A question about file paths this week made me reflect again on how seldom this subject is covered adequately in most AppleScript books, and yet how challenging it can be. There are many different types of file paths, and this is an area where scripts are frequently in need of updating due to macOS changes.
My number one rule for years: When it comes to file paths in AppleScript, use whatever works. Old-timers like me still wish for the days of Jon’s Commands, which freed us from this worry. But I digress…
I’ve now made freely available the Quick Reference Guide which Shane Stanley and I created for attendees of our AppleScript Pro Sessions training events. Although it has been several years since it has been updated, I must say it is still a damn fine little reference. Here’s the link:
Do you want more proof that file paths as always changing? As I’m typing this I realized the current guide does not include the “furl” type of path now often needed. Plus, I actually ran across an instance when a Microsoft Outlook app needed a URL path for attachments. But I’m too lazy to fix that now. Be happy with free.
There’s an entire chapter in Learn AppleScript 3rd edition (ch. 17) that attempts to bring sense to this subject. However, the entire topic is an absolute dumpster fire, mostly down to poorly managed language evolution and general failure of joined-up design. (Compounded more recently by Apple’s larger security evolution roadmap which is not exactly perfectly executed either, but let’s not go there as well.)
Outside of Finder, which has its own way to reference filesystem objects, a good general rule of thumb is to use
POSIX file objects and POSIX-style path strings (except where unsupported by certain ancient gnarly OS9-era Carbon-based apps). HFS paths are long deprecated and cause serious problems if you have more than one volume of the same name. Additional good rules of thumb:
pathString as POSIX file coercions to convert path strings to file objects, not
POSIX file pathString (which, being an object specifier, can get problematic inside
POSIX path of fileObject to convert
POSIX file (and
alias) objects back to path strings.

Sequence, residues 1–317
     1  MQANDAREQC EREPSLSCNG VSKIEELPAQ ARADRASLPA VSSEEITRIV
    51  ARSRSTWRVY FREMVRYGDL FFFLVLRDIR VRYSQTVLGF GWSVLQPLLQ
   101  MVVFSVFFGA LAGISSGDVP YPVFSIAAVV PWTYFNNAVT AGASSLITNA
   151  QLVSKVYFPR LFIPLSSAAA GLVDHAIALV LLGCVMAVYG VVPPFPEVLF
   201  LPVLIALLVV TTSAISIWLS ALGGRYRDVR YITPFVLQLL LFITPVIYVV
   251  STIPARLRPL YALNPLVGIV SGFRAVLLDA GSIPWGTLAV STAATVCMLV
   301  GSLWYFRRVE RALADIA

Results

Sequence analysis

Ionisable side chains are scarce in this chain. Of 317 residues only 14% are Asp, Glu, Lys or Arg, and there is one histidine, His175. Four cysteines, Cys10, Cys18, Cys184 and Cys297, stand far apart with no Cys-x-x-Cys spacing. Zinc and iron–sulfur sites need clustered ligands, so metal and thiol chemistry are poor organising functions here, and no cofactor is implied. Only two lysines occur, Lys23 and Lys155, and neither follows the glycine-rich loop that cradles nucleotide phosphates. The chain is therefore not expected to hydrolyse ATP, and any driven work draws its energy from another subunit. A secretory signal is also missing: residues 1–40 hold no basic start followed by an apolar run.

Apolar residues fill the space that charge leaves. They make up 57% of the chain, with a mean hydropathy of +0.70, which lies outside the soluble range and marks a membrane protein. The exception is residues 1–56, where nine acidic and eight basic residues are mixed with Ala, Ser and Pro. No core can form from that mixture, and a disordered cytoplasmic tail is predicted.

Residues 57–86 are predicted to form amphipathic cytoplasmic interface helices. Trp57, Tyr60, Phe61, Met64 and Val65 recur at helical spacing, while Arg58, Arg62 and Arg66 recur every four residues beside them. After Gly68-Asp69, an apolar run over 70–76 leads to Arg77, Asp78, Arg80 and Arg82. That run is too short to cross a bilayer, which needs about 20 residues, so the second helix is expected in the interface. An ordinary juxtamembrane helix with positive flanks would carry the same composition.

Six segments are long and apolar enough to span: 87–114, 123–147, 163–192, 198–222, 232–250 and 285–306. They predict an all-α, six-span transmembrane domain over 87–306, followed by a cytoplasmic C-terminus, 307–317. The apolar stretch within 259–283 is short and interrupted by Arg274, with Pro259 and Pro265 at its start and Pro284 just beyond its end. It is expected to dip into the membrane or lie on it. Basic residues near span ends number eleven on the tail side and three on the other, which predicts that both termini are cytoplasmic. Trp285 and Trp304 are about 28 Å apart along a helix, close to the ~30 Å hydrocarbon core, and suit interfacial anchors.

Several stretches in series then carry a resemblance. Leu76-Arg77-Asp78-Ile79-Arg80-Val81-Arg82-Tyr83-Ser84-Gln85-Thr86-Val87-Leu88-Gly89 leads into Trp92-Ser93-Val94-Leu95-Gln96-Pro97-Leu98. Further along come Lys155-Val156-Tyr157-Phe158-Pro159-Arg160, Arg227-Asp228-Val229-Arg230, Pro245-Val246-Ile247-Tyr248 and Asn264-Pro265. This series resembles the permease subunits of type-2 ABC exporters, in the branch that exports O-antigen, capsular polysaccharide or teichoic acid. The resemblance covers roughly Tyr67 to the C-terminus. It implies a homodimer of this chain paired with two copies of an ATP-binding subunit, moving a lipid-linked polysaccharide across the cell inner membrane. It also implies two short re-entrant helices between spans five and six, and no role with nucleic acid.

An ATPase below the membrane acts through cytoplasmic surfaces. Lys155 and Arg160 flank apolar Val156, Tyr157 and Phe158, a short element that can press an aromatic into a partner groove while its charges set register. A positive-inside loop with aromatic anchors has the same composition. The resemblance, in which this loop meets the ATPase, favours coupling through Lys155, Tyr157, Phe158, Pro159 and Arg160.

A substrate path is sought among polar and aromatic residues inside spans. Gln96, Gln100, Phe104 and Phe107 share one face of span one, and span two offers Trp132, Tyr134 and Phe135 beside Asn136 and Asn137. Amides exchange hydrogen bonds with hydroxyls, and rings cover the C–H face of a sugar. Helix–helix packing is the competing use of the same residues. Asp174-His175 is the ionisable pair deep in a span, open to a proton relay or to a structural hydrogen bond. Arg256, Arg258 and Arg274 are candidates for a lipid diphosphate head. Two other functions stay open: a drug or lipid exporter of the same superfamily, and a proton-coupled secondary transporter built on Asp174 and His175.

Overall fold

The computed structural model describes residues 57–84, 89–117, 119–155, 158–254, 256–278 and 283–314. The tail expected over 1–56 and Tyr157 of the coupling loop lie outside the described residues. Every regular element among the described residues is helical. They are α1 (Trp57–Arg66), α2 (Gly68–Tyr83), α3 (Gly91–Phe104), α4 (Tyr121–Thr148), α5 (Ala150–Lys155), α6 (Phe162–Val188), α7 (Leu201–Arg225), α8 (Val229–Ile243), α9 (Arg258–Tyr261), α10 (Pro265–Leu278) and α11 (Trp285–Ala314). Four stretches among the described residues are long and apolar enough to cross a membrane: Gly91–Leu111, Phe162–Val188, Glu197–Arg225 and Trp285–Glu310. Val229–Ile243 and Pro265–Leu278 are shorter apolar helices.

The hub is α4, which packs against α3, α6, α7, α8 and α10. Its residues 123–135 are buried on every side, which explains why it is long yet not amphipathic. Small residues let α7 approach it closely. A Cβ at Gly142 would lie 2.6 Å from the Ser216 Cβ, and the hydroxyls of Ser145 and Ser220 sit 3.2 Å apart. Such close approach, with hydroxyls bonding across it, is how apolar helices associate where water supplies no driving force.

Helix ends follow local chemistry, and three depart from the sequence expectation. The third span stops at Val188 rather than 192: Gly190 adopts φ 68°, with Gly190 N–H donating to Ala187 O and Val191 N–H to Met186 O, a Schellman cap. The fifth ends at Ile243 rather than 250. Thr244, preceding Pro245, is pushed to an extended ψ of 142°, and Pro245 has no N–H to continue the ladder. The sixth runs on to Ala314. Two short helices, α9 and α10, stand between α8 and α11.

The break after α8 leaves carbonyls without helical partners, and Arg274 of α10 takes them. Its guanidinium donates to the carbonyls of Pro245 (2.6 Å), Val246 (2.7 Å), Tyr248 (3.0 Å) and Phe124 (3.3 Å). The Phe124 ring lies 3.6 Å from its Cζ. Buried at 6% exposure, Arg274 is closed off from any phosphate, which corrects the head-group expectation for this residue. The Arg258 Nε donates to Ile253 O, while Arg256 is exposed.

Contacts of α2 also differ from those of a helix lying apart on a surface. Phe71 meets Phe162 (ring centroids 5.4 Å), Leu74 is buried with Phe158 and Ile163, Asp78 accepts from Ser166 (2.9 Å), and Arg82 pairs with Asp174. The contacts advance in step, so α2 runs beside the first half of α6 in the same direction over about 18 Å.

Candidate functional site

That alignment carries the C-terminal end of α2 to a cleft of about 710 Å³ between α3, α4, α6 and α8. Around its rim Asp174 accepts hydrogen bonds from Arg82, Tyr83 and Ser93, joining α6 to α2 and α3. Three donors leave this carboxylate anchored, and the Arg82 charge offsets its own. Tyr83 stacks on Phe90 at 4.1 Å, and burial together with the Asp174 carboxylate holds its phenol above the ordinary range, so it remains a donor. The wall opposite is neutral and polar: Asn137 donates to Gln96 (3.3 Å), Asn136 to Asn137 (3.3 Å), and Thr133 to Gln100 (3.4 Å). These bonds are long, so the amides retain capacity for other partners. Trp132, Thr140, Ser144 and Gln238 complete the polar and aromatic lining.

If you need to keep track of a file while moving or renaming it, coerce from
POSIX file to
alias (also long deprecated, but what can you do).
Be aware that the object returned by
pathString as POSIX file is actually of class
«class furl», not
POSIX file as you’d expect (one of its failures of joined-up design). This really only matters if you’re getting a value’s
class property to check its type (i.e.
class of fileObject is «class furl») or are just wondering what you’re looking at in result logs, although it’s generally better practice to try to coerce a given value to
POSIX file and catch any coercion errors that arise.
BTW, I wrote a perfectly cromulent
File library years ago which included commands for common path manipulations:
split path, etc. One of an unofficial “standard library” that I did try getting the community and Mark to adopt and share at the time; alas, AppleScript culture has never valued formal code reuse so that went nowhere. Moving all the ugly error-prone crap behind a nice clean AS interface would be the sensible thing to do. i.e. If an API is too complicated and inconsistent to document clearly and concisely then redesign and rewrite it until it is, and then explain that. (LAS taught me this lesson the hard way; one of the reasons I make my own end-user languages now.) Anyway, it’s still there if anyone wants to use it.
One last thought: Until such time as Apple provides us all full clarity on its own future Automation roadmap (hopefully this year or next), you might consider writing new code in a form that will be easier to migrate to other languages, all of which use POSIX path strings, just by way of insurance.